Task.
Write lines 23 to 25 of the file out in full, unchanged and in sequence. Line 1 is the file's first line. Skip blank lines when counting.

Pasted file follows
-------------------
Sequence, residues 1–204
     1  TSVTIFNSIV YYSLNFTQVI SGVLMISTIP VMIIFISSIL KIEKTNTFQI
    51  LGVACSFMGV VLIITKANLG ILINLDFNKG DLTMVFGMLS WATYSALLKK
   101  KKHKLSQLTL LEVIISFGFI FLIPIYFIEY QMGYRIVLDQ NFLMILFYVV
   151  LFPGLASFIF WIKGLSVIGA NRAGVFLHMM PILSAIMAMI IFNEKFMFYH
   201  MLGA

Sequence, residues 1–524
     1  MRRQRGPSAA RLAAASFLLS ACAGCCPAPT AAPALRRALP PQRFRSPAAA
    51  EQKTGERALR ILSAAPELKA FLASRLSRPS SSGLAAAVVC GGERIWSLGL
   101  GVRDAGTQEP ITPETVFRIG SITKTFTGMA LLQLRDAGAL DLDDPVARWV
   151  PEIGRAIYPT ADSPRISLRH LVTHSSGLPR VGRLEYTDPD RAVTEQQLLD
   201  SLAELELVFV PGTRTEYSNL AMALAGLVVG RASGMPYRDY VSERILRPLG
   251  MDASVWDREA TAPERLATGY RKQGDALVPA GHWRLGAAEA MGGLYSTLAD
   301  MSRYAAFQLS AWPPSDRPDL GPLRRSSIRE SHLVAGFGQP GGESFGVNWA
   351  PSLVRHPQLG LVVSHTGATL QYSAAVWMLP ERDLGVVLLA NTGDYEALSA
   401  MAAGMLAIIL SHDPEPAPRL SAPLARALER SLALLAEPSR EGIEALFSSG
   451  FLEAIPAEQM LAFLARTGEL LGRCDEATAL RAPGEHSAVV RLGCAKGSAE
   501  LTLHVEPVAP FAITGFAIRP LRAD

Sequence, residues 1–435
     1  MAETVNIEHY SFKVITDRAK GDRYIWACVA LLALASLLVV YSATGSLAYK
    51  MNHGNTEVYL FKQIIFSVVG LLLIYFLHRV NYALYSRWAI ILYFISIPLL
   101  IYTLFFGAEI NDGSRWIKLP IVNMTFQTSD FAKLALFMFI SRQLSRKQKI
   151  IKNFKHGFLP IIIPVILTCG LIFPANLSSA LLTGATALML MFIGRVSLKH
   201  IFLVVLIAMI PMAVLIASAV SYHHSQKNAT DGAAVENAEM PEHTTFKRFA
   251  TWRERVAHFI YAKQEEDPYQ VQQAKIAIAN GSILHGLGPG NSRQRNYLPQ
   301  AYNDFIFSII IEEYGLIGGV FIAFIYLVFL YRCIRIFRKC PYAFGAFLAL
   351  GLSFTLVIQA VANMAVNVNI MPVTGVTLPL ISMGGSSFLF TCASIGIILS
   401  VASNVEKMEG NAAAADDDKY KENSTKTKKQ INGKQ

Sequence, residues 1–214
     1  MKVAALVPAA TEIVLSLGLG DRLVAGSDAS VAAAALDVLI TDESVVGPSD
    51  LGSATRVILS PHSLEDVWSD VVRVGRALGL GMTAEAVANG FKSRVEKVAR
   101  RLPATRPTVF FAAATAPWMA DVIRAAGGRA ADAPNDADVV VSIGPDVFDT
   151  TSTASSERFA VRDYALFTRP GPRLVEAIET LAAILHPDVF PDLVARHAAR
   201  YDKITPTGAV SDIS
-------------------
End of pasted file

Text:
   151  IKNFKHGFLP IIIPVILTCG LIFPANLSSA LLTGATALML MFIGRVSLKH
   201  IFLVVLIAMI PMAVLIASAV SYHHSQKNAT DGAAVENAEM PEHTTFKRFA
   251  TWRERVAHFI YAKQEEDPYQ VQQAKIAIAN GSILHGLGPG NSRQRNYLPQ